The Washington Capitals need more offense if they wish to get by the top-seeded New York Rangers in this round.
Eight games into the Capitals postseason, hockey analysts are consistently abuzz about one thing. No, not goaltender Braden Holtby (though he's gotten plenty of attention). Rather, the catchphrase du jour is "Dale Hunter hockey."
What exactly is "Dale Hunter hockey?" In basic terms, it's a vast departure from, say, the 2009-2010 season, by the end of which the Capitals had run away with the President's Trophy, amassing 121 points, a 54-15-13 record and a ridiculous 3.82 goals per game.
However, as everyone well knows, that regular season victory was coupled with rapid defeat, and the Capitals were bounced in the first round of the 2010 playoffs by the eighth-seeded Montreal Canadiens.
This season, with Dale Hunter coming to the coaching helm in November 2011, the Capitals' system changed drastically, shifting to a "defense first" approach which would have served Hunter himself quite well during his playing career. But it was a controversial switch, one that some say "stifled" the offensive talents of players like Alex Ovechkin and Alexander Semin.
But one round into the playoffs, several of the early naysayers to the Hunter system are singing a different tune. Each of the Capitals' seven low-scoring games against the Boston Bruins were decided by just one goal (four went to overtime), and the Capitals blocked a staggering 139 shots in the series (only the New York Rangers, with 155, blocked more shots in the first round of this year's playoffs).
Blocking shots was only part of the Capitals' strong defensive play in the first round. The team also ramped up their hit total, with 234 hits on the Bruins (compare that to 171 hits in their 2010 series against Montreal).
It was their shot-blocking defense, not to mention a hot goalie, that helped the Capitals down the defending Stanley Cup Champions in seven games.
Now in the second round, the Capitals had 28 hits (Matt Hendricks led the charge with five) in the first game of the new series, matched up with the New York Rangers. The "Dale Hunter hockey" system was again front-and-center, particularly as the Capitals limited the Rangers to just 14 shots on goal in the game -- a new Capitals franchise record for fewest shots allowed in a postseason game.
While the "defense first" approach clearly helped to shape that statistic, the Capitals lost Game 1 by a 3-1 margin. Ironically enough, what the Capitals are missing -- and what they need to win the series -- is offense.
New York, like Boston and Washington, is a very strong team defensively, made all the more obvious by the fact that the Capitals and the Rangers had nearly identical defensive statistics through Round 1. In order to motor past the Rangers' defense, the Capitals have to try just as hard offensively as they do defensively.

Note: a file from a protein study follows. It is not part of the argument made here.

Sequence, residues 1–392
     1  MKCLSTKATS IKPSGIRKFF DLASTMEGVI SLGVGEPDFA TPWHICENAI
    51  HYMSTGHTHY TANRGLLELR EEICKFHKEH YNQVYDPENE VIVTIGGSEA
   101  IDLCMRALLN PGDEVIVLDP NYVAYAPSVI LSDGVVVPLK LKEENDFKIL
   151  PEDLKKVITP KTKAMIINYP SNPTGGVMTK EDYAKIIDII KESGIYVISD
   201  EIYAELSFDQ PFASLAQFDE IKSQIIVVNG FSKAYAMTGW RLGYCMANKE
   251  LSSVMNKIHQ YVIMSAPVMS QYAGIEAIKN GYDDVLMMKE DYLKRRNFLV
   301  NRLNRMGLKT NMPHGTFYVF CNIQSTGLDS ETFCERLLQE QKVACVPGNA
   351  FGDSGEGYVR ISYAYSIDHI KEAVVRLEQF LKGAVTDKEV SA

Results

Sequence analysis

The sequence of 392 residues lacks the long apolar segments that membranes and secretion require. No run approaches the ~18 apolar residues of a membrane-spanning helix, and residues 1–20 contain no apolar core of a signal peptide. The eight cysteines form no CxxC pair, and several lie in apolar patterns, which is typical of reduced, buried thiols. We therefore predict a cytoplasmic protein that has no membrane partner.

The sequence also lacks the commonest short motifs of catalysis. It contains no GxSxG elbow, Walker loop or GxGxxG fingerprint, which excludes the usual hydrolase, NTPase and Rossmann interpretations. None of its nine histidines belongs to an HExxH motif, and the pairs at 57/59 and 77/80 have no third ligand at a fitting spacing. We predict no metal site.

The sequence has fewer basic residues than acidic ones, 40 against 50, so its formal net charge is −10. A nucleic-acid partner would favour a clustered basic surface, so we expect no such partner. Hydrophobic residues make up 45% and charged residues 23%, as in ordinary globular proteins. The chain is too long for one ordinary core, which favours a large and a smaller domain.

That's not to say the Capitals should abandon their defensive ways. After all, it did get them through the first round, though not totally unscathed (it's hard not to cringe when watching Alexander Semin making a sliding block on a slapshot from Zdeno Chara).
"You see (a lot of shot blocking) in the playoffs," said Jason Chimera. "We're doing a better job of blocking shots and not letting the puck get to the net. I think it's imperative that we keep doing that."
But it should also be imperative that the Capitals get the puck to the opposite net. Brooks Laich's saucer pass to Jason Chimera for the Capitals' only goal of Game 1 was beautiful -- but there weren't enough of those plays.
Perhaps Game 1 was just a feeling-out process for the more offensively-inclined Capitals. After all, the Capitals did hit the goalpost three times during the game. But Alex Ovechkin admitted that he was given a lot more space by the Rangers' defense than he was against Zdeno Chara and Dennis Seidenberg. However, he waited too long, particularly in the neutral zone, to take action when he had chances.
"I had more time and space than when I played against Boston, 100 percent," Ovechkin said after Game 1. "I just have to be better in the neutral zone to create that kind of opportunity for me and for (current linemates Brooks Laich and Troy Brouwer). You can see when (Jason Chimera) scored the goal, we could fly in the neutral zone and (Laich) found (Chimera). So we just have to do the same."
The key for the Capitals in this second round series is to find the balance between turning on the offense while maintaining the defense. The Rangers possess a few snipers, like Marian Gaborik and Brad Richards, who can make a team pay when they give them a little too much time.
Troy Brouwer, for one, has confidence that the team can keep up their current style, and win games doing it.
"We've been able to get through that (first) round against a very tough opponent," Brouwer said. "There's no reason why we should be changing our style when this is what's working for us, this is what we're comfortable with."
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